The prospect of a new Supreme Court justice brings a renewed focus on many of the Court's controversial doctrines. While much of the speculation on Judge Amy Coney Barret’s nomination has focused on social issues such as abortion, she could be a critical vote in the Court’s future on Chevron deference. Chevron deference— named for the 1984 Supreme Court decision in Chevron v. Natural Resources Defense Council — holds that courts should defer to an agency's interpretation of a statute when its language does not clearly answer the question at issue, provided the agency interpretation is reasonable. This has often allowed agencies to turn statutory ambiguity into a justification for expanding the scope of their authority. This authority now allows agencies to promulgate, enforce, and adjudicate rules in one all-encompassing unelected branch of government.
On October 7, 2020, the Federalist Society's Pennsylvania Student Chapter and the Regulatory Transparency Project co-sponsored an event on "Antitrust Populism and the Conservative Movement." During the 1986 Supreme Court confirmation hearings for then-Judge Antonin Scalia, he was asked about his views on antitrust. “In law school, I never understood [antitrust law],” Scalia explained, “I later found out, in reading the writings of those who now do understand it, that I should not have understood it because it did not make any sense then.” Some contend that the much-needed coherency in antitrust law was brought about by the Chicago School revolution and the adoption of the consumer welfare standard.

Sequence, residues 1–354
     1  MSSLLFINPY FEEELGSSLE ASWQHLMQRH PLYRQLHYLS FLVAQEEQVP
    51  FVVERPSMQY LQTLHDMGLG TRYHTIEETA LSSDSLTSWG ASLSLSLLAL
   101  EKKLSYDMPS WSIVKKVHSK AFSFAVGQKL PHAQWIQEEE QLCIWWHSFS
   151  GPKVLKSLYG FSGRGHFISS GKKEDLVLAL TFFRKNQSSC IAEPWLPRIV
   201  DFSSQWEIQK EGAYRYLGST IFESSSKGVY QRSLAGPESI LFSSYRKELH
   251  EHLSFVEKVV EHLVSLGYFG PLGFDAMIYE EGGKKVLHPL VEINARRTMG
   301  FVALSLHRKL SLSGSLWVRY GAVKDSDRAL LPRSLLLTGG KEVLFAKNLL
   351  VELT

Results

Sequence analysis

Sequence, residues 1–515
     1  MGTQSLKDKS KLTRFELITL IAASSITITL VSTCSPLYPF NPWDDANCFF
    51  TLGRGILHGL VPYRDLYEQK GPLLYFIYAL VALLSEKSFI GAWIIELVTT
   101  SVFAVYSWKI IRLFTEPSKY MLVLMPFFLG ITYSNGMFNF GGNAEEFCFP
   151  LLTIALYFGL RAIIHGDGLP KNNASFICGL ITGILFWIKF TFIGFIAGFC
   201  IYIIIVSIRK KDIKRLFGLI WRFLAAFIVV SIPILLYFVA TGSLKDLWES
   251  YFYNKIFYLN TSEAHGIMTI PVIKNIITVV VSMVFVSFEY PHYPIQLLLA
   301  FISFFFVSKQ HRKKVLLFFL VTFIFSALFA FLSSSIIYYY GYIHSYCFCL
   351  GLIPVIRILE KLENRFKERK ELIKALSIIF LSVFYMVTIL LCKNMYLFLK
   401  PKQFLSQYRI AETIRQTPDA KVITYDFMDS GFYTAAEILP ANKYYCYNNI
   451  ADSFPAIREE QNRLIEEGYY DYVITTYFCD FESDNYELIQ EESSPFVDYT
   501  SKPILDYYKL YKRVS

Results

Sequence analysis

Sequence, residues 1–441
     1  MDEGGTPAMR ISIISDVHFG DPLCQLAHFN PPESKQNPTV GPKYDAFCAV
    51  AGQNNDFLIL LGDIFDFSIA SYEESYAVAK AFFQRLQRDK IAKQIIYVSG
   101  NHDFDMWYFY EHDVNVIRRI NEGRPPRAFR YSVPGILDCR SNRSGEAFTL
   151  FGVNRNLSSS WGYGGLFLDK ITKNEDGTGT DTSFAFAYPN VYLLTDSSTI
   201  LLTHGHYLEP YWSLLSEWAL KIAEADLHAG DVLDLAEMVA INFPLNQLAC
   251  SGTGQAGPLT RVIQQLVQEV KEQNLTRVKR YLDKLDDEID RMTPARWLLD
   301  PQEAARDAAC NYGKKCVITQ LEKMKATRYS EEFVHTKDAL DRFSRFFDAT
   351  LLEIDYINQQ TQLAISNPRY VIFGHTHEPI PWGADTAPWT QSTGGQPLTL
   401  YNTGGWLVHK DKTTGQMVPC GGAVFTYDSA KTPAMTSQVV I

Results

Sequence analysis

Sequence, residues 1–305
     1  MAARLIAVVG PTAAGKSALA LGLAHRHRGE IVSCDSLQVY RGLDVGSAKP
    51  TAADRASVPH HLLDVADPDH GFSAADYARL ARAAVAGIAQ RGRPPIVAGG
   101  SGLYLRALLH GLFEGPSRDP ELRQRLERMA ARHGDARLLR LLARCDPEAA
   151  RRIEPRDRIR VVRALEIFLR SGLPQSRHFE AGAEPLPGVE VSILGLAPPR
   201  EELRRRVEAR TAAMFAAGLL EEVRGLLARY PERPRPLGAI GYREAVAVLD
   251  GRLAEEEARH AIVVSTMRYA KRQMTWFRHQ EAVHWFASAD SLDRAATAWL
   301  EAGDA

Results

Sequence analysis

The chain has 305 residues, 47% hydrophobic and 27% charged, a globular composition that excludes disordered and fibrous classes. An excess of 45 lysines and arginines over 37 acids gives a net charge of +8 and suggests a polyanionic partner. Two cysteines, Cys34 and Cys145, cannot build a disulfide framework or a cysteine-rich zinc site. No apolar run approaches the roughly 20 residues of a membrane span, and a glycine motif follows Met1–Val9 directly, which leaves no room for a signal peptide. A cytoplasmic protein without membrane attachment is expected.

Today, the Committee for Justice provided a statement for inclusion in the record of the Subcommittee’s September 15th hearing, “Stacking the Tech: Has Google Harmed Competition in Online Advertising?” The letter was submitted by a group of legal experts, economists, and consumer and taxpayer advocates who believe in the importance of promoting competitive markets and defending the rule of law.
America’s technology companies have created huge gains for consumers, developing networks and products that connect the world in ways that were inconceivable just 20 years ago. Yet this progress has not been without its critics. The dominance of large platforms has led to concerns about the harmful effects of lock-in and path dependency, with many arguing the technology sector is unique and requires new approaches to antitrust policy. In particular, it is argued that the consumer welfare standard that guides American antitrust policy is ineffective for regulating Big Tech. Yet with the lack of demonstrable consumer harm, would increased government interventions improve the market?